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As the title says,does the visual studio distinguish these two files by their suffix?.c or .cpp? I also have another question.At first,I stated the program like this:

int main(int argc, char **argv)
{
  LARGE_INTEGER TimeStart;
  LARGE_INTEGER TimeEnd;
  QueryPerformanceCounter(&TimeStart);
  static double Freq;
  static int getfreq; 
  double mu,om;
  double *v;
  int it,i,j;
 ....
}

but it brings out many problems:

1>sor2d.c(23): error C2143: syntax error : missing ';' before 'type'
1>sor2d.c(24): error C2143: syntax error : missing ';' before 'type'
1>sor2d.c(25): error C2143: syntax error : missing ';' before 'type'
1>sor2d.c(26): error C2143: syntax error : missing ';' before 'type'

23 ling points to "static double Freq;" but if I put "QueryPerformanceCounter(&TimeStart);" after the data allocation,the compiler can succeed.Could someone tell me why this happened,was is just because of my carelessness of omitting something or ignorance...?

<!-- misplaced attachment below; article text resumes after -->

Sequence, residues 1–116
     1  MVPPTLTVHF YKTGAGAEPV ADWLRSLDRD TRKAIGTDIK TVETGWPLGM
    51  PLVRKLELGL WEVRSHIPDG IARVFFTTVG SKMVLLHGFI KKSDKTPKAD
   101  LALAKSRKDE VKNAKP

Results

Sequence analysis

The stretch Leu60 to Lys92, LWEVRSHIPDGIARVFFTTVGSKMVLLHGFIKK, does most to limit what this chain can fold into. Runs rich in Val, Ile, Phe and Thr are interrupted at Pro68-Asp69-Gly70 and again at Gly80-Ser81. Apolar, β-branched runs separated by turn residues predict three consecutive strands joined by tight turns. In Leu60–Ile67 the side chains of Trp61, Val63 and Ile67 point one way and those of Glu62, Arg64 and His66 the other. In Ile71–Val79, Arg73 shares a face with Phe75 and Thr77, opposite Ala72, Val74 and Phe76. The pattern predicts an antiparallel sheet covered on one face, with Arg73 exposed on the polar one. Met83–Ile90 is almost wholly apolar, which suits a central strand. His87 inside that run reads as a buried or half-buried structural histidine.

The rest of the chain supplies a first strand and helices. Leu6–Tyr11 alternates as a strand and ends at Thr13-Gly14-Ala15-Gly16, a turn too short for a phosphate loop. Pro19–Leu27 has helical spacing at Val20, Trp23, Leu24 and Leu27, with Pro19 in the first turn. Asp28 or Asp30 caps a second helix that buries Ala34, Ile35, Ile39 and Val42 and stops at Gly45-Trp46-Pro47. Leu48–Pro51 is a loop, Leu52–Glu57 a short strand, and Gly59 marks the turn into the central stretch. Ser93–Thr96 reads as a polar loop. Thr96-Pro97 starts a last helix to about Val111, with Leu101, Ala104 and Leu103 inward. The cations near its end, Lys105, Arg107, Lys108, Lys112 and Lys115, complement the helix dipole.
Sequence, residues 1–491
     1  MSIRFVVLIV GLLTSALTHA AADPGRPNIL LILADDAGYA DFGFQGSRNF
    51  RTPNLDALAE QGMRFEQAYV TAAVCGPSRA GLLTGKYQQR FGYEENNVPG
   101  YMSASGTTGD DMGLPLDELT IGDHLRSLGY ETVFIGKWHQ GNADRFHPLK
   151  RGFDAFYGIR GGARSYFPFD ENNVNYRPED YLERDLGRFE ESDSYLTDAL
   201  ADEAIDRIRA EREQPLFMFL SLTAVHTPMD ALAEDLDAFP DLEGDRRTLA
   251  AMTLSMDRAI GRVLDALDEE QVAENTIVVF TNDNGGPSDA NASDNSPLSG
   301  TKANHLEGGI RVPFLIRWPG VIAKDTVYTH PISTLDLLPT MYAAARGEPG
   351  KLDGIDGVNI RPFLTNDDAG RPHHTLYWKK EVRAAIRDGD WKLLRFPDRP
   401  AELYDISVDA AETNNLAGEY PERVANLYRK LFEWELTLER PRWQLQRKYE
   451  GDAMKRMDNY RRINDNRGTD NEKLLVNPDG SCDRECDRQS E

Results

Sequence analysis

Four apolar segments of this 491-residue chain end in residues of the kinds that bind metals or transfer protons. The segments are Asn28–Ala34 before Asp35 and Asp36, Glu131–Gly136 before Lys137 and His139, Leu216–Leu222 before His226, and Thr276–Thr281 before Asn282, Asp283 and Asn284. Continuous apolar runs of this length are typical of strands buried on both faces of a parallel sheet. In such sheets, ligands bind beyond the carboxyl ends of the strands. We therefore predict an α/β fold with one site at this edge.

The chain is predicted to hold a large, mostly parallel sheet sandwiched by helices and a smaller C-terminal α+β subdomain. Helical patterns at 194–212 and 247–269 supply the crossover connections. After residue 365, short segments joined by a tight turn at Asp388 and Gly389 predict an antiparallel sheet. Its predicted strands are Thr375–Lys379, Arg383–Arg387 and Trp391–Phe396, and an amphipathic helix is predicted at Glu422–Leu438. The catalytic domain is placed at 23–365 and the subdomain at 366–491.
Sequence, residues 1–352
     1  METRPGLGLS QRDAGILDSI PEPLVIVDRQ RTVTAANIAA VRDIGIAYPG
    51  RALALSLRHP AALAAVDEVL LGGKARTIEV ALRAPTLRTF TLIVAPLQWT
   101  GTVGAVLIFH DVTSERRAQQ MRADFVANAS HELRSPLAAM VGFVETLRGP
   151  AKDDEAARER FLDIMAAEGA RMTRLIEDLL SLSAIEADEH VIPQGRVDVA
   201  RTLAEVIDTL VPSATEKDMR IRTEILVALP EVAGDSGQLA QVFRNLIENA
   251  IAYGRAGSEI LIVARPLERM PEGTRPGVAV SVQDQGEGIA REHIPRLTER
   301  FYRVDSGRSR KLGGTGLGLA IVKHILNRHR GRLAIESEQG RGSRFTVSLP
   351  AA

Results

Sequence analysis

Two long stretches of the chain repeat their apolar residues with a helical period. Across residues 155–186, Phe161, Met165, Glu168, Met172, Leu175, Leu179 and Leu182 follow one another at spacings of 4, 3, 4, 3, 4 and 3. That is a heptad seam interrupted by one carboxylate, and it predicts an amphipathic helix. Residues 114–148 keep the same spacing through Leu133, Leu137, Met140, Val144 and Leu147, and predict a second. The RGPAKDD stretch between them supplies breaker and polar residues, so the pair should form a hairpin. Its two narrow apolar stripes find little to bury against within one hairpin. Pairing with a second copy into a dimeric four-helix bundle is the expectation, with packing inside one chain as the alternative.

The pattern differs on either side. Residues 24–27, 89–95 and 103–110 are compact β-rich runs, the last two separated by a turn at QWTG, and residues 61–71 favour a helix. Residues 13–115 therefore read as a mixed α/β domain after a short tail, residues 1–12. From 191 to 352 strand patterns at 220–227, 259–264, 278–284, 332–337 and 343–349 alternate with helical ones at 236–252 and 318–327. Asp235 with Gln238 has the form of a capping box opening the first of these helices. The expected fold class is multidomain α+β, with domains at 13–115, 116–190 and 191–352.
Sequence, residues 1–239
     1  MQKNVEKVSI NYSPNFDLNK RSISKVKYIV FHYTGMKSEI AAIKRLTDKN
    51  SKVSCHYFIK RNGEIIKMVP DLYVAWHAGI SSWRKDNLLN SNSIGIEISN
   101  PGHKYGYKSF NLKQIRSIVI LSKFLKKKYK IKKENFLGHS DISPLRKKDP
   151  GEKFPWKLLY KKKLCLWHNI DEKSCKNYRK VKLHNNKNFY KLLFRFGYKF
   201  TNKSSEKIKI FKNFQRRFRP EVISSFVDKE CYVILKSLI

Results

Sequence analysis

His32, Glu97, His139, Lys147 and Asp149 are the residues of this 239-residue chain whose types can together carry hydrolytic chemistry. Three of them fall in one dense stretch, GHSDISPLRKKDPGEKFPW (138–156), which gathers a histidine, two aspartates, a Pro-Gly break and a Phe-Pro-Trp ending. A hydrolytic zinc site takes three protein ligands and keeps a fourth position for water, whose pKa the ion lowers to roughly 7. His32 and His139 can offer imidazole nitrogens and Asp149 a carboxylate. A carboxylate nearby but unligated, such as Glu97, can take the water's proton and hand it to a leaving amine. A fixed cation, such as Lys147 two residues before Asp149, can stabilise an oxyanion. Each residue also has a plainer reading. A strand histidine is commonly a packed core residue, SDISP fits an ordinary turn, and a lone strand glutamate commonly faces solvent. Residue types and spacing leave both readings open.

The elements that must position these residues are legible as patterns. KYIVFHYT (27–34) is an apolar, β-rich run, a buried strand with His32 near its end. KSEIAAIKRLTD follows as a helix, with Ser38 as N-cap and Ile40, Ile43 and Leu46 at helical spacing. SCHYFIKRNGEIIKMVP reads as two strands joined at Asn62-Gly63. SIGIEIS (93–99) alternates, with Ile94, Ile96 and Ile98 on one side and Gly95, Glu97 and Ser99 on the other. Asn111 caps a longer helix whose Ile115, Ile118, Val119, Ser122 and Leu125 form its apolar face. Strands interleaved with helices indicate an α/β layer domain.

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2 Answers 2

up vote 1 down vote accepted

In C, all variables must be declared before calling any methods.

Visual Studio will, by default, compile .C files as C. You can override this.

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In C89, you must declare all of your variables at the top of the code block. You may also initialize them to compile-time constants (literals, macros that expand to literals, the values of variables that have already been initialized, and any operations on the above that can be performed at compile time). You cannot intersperse other types of statements (like function calls) within these declarations.

This limitation was removed in C99 (which is not supported by Visual C++) and C++.

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if i use visual studio 2010 c++ environment,does this problem still should exist?could I use "inline" in the setting I said above?THX –  shirley Oct 4 '11 at 14:24
    
I'm not sure what you mean. If you rename the file to .cpp or manually reconfigure the compiler to treat the source as C++, then no you won't have this problem. The inline keyword has nothing to do with the order of variable declarations. –  kbolino Oct 4 '11 at 14:39
    
i mean i still use .c as suffix.But you just said C99 don't have this problem,so i wonder if the higher level of compiler,like visual studio 2010 have this problem,either.For inline,i mean could i use inline in a .c file. –  shirley Oct 4 '11 at 14:49
    
VS 2010 still doesn't support C99. You can tell VS to compile .C as C++ code, but that may have other undesirable side effects. –  Joe Oct 4 '11 at 15:36

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